Lincoln committed suicide, then Abraham Lincoln is dead. Abraham
Lincoln did not commit suicide. Therefore,
Abraham Lincoln is not dead. 
We have true
premises and a false conclusion. Yes, that first premise is true.
Identifying
basic argument forms requires that we be familiar with basic deductive forms.
First, write the argument with premises first and conclusion last. Then identity the form by noting the "form words."
Leave the form words as they are and substitute the nonform words with
letters. For categorical syllogisms, form words are "all,"
"no", "are", and "not." For hypothetical
syllogisms, "if," "then," and "not" are form
words. For other arguments, we have "either", "or",
"both", and "and."
Another
example:
All
movie stars are actors who are famous, because all movie stars who are famous
are actors.
If we
replace “movies stars,” “actors,” and “famous” with the letters M, A, and F, we
get this argument form:
All M who are F
are A.
All M who are A
are F.
Counterexample:
All humans who are fathers are men.
Therefore, all humans who are men are
fathers.
Remember:
The counterexample method cannot prove validity, only invalidity.
Inductive
Arguments: Strength and Truth
Strength and Cogency apply to inductive
arguments.
A strong inductive argument is an
inductive argument such that it is improbable that the premises be true
and the conclusion false. A weak inductive argument, on the other hand,
is one in which the conclusion probably does not follow from the premises.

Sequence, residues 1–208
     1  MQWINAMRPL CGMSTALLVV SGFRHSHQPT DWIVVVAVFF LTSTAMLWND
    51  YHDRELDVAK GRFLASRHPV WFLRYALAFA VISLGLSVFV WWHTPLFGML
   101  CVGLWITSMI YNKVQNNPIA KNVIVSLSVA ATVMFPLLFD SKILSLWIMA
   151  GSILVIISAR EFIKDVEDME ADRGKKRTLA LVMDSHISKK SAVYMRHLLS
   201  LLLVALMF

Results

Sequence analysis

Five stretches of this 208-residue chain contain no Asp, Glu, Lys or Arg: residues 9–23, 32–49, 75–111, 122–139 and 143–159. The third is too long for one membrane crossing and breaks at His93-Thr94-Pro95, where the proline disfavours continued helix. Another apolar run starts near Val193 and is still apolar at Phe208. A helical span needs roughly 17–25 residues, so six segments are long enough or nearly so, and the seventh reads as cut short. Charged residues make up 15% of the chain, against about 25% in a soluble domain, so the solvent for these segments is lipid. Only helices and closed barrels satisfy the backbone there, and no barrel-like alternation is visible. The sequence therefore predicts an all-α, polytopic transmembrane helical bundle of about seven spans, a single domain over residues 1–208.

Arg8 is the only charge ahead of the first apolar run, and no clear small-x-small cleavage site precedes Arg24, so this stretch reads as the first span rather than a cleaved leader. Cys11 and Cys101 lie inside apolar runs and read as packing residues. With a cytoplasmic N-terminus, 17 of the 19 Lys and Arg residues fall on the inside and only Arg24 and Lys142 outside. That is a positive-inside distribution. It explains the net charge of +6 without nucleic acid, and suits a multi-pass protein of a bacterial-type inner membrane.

Again, assume that the premises are true, and
then we determine whether, based on that assumption, the conclusion is probably
true.
Examples:

All crows we have seen to date are black. Therefore, probably the next crow we see will be black. 

All meteorites found to this day have contained sugar. Therefore, probably the next meteorite found will contain sugar. 
Both are strong. The first argument, though,
is cogent while the second is uncogent.
Cogent: A strong inductive argument with all true premises.

During the past fifty years, inflation has consistently reduced the value of the American Dollar. Therefore, industrial productivity will probably increase in the years ahead. 
Notice: Both of these may well be true, but
the premise provides no evidence for the conclusion. It is weak. Again, the
strength of an argument is simply the degree to which the premises, when
assumed true, support the conclusion.
Review the table on page 39.
Note: For both inductive and deductive
arguments, the only arrangement of truth and falsity relevant to validity or
soundness is when we have true premises and a false conclusion. Difference: the
strength of an inductive argument is a matter of degree. Validity is either/or.